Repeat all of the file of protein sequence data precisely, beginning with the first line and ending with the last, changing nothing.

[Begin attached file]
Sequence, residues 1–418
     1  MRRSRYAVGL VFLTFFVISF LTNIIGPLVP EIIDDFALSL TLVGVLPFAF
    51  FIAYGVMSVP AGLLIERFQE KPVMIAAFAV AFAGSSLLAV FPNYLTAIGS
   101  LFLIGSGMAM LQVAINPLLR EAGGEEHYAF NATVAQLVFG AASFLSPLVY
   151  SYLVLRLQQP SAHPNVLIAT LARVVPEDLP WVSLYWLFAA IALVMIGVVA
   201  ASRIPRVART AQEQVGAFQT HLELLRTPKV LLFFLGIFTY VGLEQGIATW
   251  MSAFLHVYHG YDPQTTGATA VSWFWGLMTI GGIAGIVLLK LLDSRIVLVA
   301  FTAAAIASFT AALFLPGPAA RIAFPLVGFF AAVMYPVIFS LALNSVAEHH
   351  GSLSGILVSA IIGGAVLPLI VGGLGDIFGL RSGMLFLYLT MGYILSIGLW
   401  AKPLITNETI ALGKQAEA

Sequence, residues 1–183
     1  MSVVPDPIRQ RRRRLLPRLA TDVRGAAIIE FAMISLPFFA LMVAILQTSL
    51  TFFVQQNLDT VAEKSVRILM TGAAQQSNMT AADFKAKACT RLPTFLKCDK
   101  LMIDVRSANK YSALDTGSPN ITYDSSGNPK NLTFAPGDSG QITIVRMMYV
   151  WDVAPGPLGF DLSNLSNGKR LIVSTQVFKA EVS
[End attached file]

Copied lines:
Sequence, residues 1–418
     1  MRRSRYAVGL VFLTFFVISF LTNIIGPLVP EIIDDFALSL TLVGVLPFAF
    51  FIAYGVMSVP AGLLIERFQE KPVMIAAFAV AFAGSSLLAV FPNYLTAIGS
   101  LFLIGSGMAM LQVAINPLLR EAGGEEHYAF NATVAQLVFG AASFLSPLVY
   151  SYLVLRLQQP SAHPNVLIAT LARVVPEDLP WVSLYWLFAA IALVMIGVVA
   201  ASRIPRVART AQEQVGAFQT HLELLRTPKV LLFFLGIFTY VGLEQGIATW
   251  MSAFLHVYHG YDPQTTGATA VSWFWGLMTI GGIAGIVLLK LLDSRIVLVA
   301  FTAAAIASFT AALFLPGPAA RIAFPLVGFF AAVMYPVIFS LALNSVAEHH
   351  GSLSGILVSA IIGGAVLPLI VGGLGDIFGL RSGMLFLYLT MGYILSIGLW
   401  AKPLITNETI ALGKQAEA

Sequence, residues 1–183
     1  MSVVPDPIRQ RRRRLLPRLA TDVRGAAIIE FAMISLPFFA LMVAILQTSL
    51  TFFVQQNLDT VAEKSVRILM TGAAQQSNMT AADFKAKACT RLPTFLKCDK
   101  LMIDVRSANK YSALDTGSPN ITYDSSGNPK NLTFAPGDSG QITIVRMMYV
   151  WDVAPGPLGF DLSNLSNGKR LIVSTQVFKA EVS